Kung Fu (Jeet Kune Do)
Jeet Kune Do was developed by Bruce Lee as a hybrid system and life philosophy. His style uses direct, non-classical and straight forward movements, designed to use minimal movement with maximum effect and extreme speed.
Lee started training in Wing Chun when he was 13 years old, but by 1967 he had developed his own style of Kung Fu, known as Jeet Kune Do. Lee determined that his current knowledge of Kung Fu was not enough, and that what he had learnt was too formalised and rigid to be effective in the chaotic nature of street fights. Because of this he developed his own style, Jeet Kune Do, which is still taught today.
Bruce Lee on Jeet Kune Do:
I have not invented a "new style," composite, modified or otherwise that is set within distinct form as apart from "this" method or "that" method. On the contrary, I hope to free my followers from clinging to styles, patterns, or molds. Remember that Jeet Kune Do is merely a name used, a mirror in which to see "ourselves". . . Jeet Kune Do is not an organized institution that one can be a member of. Either you understand or you don't, and that is that. There is no mystery about my style. My movements are simple, direct and non-classical. The extraordinary part of it lies in its simplicity. Every movement in Jeet Kune-Do is being so of itself. There is nothing artificial about it. I always believe that the easy way is the right way. Jeet Kune-Do is simply the direct expression of one's feelings with the minimum of movements and energy. The closer to the true way of Kung Fu, the less wastage of expression there is. Finally, a Jeet Kune Do man who says Jeet Kune Do is exclusively Jeet Kune Do is simply not with it. He is still hung up on his self-closing resistance, in this case anchored down to reactionary pattern, and naturally is still bound by another modified pattern and can move within its limits. He has not digested the simple fact that truth exists outside all molds; pattern and awareness is never exclusive. Again let me remind you Jeet Kune Do is just a name used, a boat to get one across, and once across it is to be discarded and not to be carried on one's back.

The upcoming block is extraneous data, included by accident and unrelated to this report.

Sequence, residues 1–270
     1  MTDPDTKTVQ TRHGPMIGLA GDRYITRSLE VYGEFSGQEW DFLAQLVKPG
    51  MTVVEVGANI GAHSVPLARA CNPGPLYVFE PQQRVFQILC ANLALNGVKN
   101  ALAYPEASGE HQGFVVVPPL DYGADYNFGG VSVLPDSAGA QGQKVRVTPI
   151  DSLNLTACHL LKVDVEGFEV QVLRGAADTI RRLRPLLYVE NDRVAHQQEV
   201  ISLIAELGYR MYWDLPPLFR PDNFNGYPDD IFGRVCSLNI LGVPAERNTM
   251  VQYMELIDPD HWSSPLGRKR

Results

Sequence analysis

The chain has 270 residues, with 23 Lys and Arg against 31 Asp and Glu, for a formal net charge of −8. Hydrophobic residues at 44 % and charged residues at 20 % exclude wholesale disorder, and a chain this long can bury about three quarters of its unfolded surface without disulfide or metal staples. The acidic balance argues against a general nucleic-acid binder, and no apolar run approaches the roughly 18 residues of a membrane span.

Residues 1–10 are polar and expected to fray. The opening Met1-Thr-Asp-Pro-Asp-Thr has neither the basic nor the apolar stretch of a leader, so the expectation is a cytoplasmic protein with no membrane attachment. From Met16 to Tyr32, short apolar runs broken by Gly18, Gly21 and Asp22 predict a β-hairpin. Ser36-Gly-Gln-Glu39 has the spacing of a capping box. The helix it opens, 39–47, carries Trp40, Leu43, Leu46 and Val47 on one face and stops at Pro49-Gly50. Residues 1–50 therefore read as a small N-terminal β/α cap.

One of the most important aspects of Jeet Kune Do for Lee was combat realism. Lee wanted to differeniate the art from other systems with less "flowery techniques" (Lee's words). Lee argued that flashy techniques would look good, but not necessarily be useful in a street-fight.
Jeet Kune Do students train in 4 areas equally, known as the "Four Ranges of Combat". These are:
Lee believed that training in this way would separate Jeet Kune Do from other arts.
For more information please see http://en.wikipedia.org/wiki/Jeet_Kune_Do
Author: The Bear Martial Arts Team